In this unrepentantly subjective feature I look at the evolution of Western comic books, the present state of sequential art, the medium’s digital potential and what publishers must do to ensure future interest.
Depending on whom you ask, the comic book is dying, enjoying a creative renaissance, or slowly being integrated into largely non-profitable webcomics and e-books. These opinions are all correct to a certain degree. Sequential art, as Will Eisner coined it, is a medium so flimsily defined that it’s impossible to pinpoint its origins, or to even say precisely what a comic book is, and what is purely an illustrated novel or picture book.
The comic book, so-called because its contents were traditionally exclusively humorous, is arguably not so much dying as it is evolving. Sales of American comics have consistently dropped since the collector’s boom of the 1990s, and many publishers continue to churn out monthly material in the hope of scoring a lucrative movie deal than for the sake of producing entertaining and thought-provoking stories in a comic book format.
Please note: the following brief retrospective is not intended to be extensive, but rather a concise summary of some of the key points in the last century of the medium.
While the blending of image and caption can be traced back to, amongst many other sources, Egyptian hieroglyphs, Japanese art and the satirical cartoons of William Hogarth, the comic book only hit the level of narrative sophistication resembling its modern descendent in the late nineteenth and very early twentieth centuries, when comic strips were included in American and European newspapers. These strips soon became so popular that they would be complied into cheap paperback collections, essentially forming the first graphic novels; though that term that would come much later.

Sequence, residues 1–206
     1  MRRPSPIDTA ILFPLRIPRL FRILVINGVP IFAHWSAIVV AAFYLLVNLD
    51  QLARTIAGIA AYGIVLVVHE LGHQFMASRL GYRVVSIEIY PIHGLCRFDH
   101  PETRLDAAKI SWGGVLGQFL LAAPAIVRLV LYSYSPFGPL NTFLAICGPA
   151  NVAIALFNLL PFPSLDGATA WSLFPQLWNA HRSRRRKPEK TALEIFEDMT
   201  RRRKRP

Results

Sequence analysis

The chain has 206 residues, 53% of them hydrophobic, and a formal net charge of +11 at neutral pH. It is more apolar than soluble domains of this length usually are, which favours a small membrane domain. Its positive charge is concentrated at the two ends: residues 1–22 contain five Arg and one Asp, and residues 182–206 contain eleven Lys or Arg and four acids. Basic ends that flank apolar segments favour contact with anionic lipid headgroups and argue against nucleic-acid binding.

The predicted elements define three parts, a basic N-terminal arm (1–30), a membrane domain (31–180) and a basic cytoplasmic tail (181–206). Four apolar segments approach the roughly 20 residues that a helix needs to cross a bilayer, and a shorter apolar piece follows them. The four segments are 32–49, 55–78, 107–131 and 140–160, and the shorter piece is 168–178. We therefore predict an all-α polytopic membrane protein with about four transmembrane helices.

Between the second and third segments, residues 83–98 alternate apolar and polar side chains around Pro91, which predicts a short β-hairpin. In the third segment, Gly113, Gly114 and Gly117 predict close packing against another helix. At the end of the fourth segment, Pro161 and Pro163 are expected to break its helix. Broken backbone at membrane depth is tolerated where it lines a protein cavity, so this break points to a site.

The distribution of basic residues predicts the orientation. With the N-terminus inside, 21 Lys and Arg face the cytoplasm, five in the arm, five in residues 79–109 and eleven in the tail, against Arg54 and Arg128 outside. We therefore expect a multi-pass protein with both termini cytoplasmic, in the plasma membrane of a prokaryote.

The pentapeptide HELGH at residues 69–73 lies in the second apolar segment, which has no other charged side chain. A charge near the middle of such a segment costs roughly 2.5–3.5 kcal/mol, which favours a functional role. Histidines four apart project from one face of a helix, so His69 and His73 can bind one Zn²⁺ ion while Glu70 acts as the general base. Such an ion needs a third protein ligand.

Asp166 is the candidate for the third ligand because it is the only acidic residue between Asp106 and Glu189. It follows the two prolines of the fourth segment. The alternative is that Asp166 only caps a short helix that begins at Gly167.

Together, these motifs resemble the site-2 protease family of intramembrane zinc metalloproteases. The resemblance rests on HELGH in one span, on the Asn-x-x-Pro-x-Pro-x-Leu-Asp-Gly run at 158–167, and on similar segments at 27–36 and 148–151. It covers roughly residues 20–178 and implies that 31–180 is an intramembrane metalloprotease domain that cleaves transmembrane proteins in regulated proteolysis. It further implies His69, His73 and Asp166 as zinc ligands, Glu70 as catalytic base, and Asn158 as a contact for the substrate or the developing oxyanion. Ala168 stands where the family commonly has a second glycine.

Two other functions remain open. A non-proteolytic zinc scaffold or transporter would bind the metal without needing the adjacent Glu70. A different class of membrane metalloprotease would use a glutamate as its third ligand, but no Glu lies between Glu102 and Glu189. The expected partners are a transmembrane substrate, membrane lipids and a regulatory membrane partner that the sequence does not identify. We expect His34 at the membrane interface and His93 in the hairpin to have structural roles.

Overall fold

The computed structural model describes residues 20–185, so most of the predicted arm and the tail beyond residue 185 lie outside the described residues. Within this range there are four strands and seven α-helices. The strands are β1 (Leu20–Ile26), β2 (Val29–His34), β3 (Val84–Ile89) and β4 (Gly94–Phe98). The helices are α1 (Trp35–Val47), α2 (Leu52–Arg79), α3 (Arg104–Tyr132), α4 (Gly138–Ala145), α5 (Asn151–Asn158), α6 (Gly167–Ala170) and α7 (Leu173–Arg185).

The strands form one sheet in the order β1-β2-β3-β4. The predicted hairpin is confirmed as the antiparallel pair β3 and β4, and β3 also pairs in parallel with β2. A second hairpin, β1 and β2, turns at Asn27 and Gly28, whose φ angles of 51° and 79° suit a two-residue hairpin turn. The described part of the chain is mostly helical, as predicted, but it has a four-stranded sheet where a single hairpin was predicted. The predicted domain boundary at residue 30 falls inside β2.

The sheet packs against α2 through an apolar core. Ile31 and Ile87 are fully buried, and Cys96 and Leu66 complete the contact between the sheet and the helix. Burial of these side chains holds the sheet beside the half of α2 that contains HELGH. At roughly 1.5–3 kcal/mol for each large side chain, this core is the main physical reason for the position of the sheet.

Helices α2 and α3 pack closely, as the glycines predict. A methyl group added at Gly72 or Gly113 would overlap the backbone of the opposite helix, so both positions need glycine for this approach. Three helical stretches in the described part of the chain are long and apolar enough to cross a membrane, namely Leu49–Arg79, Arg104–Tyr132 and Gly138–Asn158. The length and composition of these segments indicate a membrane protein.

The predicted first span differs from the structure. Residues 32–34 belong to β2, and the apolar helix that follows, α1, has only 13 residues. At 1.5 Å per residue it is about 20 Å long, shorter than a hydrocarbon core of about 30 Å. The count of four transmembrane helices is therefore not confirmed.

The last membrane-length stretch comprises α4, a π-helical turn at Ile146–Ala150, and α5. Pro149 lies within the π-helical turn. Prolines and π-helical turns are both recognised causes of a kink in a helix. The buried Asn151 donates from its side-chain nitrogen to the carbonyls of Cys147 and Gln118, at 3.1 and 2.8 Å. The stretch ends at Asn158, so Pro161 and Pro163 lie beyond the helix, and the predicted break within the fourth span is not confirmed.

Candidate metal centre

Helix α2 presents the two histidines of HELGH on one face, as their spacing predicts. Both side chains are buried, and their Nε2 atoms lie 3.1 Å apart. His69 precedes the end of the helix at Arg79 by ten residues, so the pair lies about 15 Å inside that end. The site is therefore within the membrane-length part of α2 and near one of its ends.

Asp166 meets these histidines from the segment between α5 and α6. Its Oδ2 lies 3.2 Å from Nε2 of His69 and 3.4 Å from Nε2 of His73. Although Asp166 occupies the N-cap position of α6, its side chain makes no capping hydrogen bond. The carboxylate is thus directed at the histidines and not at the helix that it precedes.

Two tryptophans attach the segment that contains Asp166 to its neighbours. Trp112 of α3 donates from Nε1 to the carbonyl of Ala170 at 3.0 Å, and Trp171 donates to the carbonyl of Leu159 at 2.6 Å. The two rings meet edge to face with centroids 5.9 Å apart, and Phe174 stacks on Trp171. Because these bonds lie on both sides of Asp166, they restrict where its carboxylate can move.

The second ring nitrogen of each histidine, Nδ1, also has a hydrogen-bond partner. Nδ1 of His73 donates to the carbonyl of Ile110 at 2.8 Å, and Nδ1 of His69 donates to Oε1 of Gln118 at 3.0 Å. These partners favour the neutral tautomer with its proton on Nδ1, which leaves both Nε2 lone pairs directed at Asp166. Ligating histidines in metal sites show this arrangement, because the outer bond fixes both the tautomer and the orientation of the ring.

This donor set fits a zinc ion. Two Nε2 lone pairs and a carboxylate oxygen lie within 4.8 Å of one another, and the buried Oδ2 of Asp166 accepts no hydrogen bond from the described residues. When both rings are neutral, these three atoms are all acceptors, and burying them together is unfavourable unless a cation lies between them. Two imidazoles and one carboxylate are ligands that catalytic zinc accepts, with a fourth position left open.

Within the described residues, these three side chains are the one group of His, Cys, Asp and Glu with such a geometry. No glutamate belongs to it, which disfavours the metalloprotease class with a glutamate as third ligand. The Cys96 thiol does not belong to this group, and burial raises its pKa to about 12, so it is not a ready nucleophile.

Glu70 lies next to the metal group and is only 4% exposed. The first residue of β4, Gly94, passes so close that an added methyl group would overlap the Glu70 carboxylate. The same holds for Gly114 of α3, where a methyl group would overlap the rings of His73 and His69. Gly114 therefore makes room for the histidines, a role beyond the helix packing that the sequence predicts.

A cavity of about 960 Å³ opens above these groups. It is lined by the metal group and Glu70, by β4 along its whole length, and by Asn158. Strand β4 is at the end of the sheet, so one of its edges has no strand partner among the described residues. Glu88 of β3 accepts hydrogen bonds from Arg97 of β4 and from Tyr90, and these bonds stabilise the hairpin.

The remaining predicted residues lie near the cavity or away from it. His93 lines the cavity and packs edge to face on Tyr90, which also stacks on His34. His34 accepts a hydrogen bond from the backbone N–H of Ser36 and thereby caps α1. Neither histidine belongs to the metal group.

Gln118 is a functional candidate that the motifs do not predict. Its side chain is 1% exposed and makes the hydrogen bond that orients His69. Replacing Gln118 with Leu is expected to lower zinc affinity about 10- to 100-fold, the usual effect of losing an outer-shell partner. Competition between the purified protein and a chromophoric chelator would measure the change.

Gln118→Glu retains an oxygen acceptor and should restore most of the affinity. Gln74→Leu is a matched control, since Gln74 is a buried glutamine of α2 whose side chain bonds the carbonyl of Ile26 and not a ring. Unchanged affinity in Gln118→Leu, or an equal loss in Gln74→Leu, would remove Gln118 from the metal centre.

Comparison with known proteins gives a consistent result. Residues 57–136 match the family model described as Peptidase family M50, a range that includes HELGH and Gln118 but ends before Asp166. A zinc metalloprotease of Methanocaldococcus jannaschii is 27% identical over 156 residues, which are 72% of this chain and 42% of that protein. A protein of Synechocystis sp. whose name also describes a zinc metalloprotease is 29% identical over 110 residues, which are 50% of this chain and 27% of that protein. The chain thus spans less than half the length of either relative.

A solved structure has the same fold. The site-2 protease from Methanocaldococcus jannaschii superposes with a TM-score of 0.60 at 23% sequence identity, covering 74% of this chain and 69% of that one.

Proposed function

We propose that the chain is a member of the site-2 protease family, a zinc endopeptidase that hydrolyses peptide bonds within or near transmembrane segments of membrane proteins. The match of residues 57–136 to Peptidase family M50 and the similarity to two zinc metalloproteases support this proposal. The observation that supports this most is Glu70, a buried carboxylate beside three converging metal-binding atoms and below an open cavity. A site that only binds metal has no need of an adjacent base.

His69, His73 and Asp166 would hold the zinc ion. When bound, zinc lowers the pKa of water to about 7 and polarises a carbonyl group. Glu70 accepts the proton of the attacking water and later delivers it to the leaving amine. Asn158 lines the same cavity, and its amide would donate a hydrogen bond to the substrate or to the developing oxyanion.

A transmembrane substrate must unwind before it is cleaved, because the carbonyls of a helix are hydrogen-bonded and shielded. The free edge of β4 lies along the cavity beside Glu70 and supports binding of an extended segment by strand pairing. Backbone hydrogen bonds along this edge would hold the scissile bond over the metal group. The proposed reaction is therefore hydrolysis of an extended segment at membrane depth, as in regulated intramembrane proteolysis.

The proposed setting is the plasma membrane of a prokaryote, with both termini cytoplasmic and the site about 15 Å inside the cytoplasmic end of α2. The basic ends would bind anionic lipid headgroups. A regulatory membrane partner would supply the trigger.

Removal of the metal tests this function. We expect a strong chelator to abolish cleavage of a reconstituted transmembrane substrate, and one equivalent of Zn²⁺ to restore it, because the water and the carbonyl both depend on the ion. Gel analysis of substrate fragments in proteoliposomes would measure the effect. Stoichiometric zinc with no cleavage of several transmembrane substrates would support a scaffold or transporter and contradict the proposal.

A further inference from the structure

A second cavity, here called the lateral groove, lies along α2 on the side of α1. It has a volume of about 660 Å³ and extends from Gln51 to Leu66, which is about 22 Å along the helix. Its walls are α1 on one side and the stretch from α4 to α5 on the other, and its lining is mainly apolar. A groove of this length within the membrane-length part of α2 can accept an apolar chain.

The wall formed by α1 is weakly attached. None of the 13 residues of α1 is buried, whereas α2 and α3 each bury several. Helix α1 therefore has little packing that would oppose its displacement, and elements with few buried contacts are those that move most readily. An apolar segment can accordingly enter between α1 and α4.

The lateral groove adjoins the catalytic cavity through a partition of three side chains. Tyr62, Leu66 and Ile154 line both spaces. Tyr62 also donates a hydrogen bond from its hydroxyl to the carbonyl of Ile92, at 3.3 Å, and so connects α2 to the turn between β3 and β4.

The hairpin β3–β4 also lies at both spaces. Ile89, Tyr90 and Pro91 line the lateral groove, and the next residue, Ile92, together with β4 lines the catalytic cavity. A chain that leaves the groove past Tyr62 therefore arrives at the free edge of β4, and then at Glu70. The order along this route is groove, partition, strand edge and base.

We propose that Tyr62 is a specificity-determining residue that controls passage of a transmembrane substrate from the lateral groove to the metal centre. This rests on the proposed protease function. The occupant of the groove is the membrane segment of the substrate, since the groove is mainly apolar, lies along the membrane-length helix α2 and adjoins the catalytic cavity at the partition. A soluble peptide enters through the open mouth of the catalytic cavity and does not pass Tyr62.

Influential comics of this era included Max and Moritz by Wilhelm Busch, The Katzenjammer Kids by Rudolph Dirks, Richard F. Outcault’s Yellow Kid and Hogan’s Alley, and Ally Sloper’s Half Holiday. In Britain, Comic Cuts and Illustrated Chips established the format of comic strip anthology that continues today in the form of the Dandy and Beano. Hergé’s intrepid journalist Tintin also made his debut in 1929, and it wasn’t long until bright sparks saw the profit in printing new, longer comic strips without the complimentary news articles; a movement that struck gold in 1938 with the introduction of Action Comics, and its super-powered protagonist Superman.
Ruling the skies
National Allied Publications’ man of steel proved so popular that within months other publishers were clambering for a piece of the superhero pie, and throughout the next decade characters such as Batman, Wonder Woman and Captain America were introduced. It wasn’t unusual to see Captain America or the Human Torch knocking the seven shades out of Hitler and his Nazi pals; however, after the Second World War these books soon lost their popularity to horror comics such as Tales from the Crypt and the crime, western and romance genres, and sales swiftly plummeted. More positively, across the pond Osamu Tezuka would also begin defining manga, which would find its own direction and visual language.
But the birth of the Comic Code in 1954 saw these uninhibited genres meet an equally sudden demise, which DC took advantage of by revising their most famous (and innocuous) characters such as the Flash, Green Lantern and Hawkman. Thus began the Silver Age of comics. Marvel, the heir of Timely Comics and Atlas Comics, launched the seminal Fantastic Four series in 1961,and with artists including Jack Kirby and Steve Ditko, Stan Lee’s brand of relatable heroes soon expanded to the Incredible Hulk, Spider-Man, Iron Man, Thor, X-Men, Daredevil and many others.
Going underground… and overseas